The increase in Euribor rates will limit the maximum amount banks are allowed to lend, and cuts could be around 30% as early as next month, Público reported on Monday. Debt reduction will also particularly affect those with lower incomes or less savings, who, subject to current regulations, will be required to guarantee at least 10% of the purchase price of the property, in addition to transaction costs. .

The duration of contracts, limited by the age of persons at the time of applying for a loan, is another factor that makes it difficult to access new loans. According to Eupago’s modeling, a loan intermediary, a couple aged 30 with a net monthly income of 1,800 euros, without inheritance or other loans, could receive a loan of 226 thousand euros in January last year, payable at the age of 37. . But a rate hike of 2% would mean that the same couple would only be able to fund themselves by 163,500 euros in September – 28% less. If the increase in Euribor reaches 2.5%, a value that can be reached next month, the amount will drop to 154.2 thousand euros.

The reasons? First, the increase in Euribor rates associated with most new home loans in Portugal, as well as the limits imposed by the Bank of Portugal since 2018 (when Euribor rates were negative) to limit the risk of household over-indebtedness. Banco de Portugal should not change the formula for calculating DSTI with a 3% increase, but says it is monitoring the situation. “As a macroprudential body, it monitors macroeconomic and financial developments and will continue to monitor compliance with the recommendation, as well as promote changes to it, always with the aim of improving its effectiveness,” the regulator told the daily newspaper.

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Economy

DHL with ‘great difficulty’ invests $50 million in Lisbon

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DHL with 'great difficulty' invests $50 million in Lisbon

Portugal could be a “much bigger gateway” for DHL’s business than it is today, said Dinheiro Vivo, CEO of DHL Express John Pearson, on the sidelines of the 2022 Trade Growth Atlas launch in Brussels, noting that there are business opportunities in the country’s largest distribution and logistics group in the world. However, the group has been trying “for years” to set up a new logistics terminal in Lisbon, but to no avail.

“We have been trying for many years with the ANA and the airport administration to create a new infrastructure, I think we are close to this. Our planes,” he emphasizes. DHL has grown “very fast” and has a “very healthy business with a very high market share” in Portugal, with good prospects “especially in the consumer segment”, which Pearson said could create “more terminals and jobs”.

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Economy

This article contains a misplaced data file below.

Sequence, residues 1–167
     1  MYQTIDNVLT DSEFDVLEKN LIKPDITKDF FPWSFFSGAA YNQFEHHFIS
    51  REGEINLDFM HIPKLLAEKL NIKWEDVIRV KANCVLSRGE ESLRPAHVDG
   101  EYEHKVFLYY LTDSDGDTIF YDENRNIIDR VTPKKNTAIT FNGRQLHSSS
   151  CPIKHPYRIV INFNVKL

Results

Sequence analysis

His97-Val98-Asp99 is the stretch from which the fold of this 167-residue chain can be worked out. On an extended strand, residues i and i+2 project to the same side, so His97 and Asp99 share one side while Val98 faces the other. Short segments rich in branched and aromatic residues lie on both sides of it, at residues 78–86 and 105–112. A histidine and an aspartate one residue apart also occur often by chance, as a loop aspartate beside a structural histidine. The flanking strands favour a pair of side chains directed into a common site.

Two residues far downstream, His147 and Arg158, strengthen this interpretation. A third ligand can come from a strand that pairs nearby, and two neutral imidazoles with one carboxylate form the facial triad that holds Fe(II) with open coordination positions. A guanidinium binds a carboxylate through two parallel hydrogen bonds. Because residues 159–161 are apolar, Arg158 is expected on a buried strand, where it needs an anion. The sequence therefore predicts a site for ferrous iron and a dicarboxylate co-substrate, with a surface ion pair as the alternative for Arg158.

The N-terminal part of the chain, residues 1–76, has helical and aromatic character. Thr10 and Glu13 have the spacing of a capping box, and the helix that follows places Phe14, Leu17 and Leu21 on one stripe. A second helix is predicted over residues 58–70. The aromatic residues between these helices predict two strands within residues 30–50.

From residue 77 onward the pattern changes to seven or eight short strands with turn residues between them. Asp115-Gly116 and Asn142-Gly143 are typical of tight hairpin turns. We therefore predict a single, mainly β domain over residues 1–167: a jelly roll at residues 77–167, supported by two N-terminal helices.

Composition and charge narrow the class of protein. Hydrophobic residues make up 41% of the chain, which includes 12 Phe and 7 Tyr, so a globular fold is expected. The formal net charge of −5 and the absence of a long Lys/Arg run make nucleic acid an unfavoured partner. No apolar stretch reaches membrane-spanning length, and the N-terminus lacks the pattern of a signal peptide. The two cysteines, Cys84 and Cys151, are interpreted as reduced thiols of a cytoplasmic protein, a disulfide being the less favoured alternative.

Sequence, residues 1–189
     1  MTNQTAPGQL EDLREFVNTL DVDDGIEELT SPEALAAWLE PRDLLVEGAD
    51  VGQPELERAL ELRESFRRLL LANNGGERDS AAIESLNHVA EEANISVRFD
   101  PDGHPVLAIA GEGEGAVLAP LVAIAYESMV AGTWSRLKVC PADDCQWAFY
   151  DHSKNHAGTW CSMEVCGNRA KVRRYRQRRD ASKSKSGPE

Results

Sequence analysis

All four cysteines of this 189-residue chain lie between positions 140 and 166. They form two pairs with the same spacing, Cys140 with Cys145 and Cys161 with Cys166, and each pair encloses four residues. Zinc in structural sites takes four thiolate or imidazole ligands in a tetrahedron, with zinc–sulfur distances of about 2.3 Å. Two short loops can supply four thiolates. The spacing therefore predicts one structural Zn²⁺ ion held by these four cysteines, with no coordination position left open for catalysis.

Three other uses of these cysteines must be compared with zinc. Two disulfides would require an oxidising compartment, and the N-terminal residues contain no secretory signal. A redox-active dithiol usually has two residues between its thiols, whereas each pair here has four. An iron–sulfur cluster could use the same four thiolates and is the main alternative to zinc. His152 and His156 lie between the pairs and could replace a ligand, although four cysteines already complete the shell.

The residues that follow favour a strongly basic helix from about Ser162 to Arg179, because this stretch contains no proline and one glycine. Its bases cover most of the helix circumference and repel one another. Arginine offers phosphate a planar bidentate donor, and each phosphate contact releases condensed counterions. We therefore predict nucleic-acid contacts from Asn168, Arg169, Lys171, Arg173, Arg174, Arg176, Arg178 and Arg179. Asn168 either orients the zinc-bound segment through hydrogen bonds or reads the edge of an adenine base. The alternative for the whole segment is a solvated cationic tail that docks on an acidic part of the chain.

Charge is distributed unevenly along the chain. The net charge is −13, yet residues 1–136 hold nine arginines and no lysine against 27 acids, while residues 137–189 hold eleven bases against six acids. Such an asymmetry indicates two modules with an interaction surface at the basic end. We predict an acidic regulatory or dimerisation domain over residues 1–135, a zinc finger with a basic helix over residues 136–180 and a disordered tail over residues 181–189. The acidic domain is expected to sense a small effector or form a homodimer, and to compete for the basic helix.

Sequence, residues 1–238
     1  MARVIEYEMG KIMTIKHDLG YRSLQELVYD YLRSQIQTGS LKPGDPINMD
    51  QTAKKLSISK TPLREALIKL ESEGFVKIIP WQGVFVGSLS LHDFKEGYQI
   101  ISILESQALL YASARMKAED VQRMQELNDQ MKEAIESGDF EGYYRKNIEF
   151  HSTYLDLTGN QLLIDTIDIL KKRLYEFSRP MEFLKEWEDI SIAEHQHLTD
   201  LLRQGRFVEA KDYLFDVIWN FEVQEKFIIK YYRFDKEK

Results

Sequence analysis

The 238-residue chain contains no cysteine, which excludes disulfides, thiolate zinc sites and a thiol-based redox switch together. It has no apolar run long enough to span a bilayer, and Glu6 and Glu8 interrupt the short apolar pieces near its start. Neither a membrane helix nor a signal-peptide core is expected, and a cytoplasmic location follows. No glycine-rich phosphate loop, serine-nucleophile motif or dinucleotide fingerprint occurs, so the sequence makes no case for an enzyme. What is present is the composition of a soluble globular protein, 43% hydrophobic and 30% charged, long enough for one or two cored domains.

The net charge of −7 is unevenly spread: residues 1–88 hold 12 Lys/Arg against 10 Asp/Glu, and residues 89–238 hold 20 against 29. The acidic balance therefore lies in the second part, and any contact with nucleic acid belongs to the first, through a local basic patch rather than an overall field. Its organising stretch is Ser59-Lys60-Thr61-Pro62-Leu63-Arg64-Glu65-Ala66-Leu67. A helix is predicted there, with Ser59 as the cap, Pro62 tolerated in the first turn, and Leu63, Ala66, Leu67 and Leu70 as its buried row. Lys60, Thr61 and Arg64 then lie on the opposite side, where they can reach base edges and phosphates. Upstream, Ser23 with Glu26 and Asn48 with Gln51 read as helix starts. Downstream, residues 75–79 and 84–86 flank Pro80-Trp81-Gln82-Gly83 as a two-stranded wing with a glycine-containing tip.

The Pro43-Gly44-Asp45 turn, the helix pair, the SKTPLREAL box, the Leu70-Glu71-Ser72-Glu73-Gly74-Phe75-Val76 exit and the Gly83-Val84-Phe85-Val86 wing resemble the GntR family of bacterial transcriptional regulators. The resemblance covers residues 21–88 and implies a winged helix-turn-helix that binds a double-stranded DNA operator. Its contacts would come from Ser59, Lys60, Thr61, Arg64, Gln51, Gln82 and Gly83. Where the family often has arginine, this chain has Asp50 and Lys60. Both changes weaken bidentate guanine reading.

Iran cut off internet access… Elon Musk will give connection

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Irão cortou o acesso à Internet... Elon Musk vai dar conectividade

As we reported hereThere was a massive internet outage in Iran yesterday during a series of mass protests against the government.

After this action, Elon Musk posted a message on the social network Twitter, from which it follows that he is already activating his Starlink satellite network to allow Internet access in this country.

Elon Musk: Outfit [rede] Starlink for Internet access for Iranians

Iranians are facing massive internet shutdowns due to anti-government protests. Loss of connectivity, preventing access to platforms such as Instagram and WhatsApp, makes it difficult to organize demonstrations as well as share information about government crackdowns.

Elon Musk wasted no time and was quick to point out on Twitter that he was "helping [rede] Starlink...", in response to another message also posted on the social network Twitter by US Secretary of State Anthony Blinken, in which he revealed that the White House had given permission for Internet companies to provide their services to Iran.

Iran cut off internet access... Elon Musk will give connection

He recalls that the protests in Iran began on Friday last week after it became known about the death of 22-year-old Masha Amini after being detained by the Vice Police for wearing a veil placed in a way that agents considered wrong.

State television IRIB reported 26 deaths in clashes with police. The Iranian government has severely restricted internet access, and in recent days, mobile networks have been switched off from 9pm to morning.

On Thursday, the US sanctioned the Vice Police for the death of a young woman and seven security sector leaders for cracking down on demonstrations.

It should also be noted thatIranian citizens are banned from accessing Facebook, Telegram, Twitter and YouTube, despite the fact that many bypass these restrictions through a VPN.